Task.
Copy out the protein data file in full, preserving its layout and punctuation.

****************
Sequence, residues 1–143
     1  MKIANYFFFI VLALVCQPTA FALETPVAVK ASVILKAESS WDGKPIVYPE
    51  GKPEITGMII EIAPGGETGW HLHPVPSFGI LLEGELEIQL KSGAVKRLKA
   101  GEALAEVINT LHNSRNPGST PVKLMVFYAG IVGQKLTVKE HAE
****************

Sequence, residues 1–143
     1  MKIANYFFFI VLALVCQPTA FALETPVAVK ASVILKAESS WDGKPIVYPE
    51  GKPEITGMII EIAPGGETGW HLHPVPSFGI LLEGELEIQL KSGAVKRLKA
   101  GEALAEVINT LHNSRNPGST PVKLMVFYAG IVGQKLTVKE HAE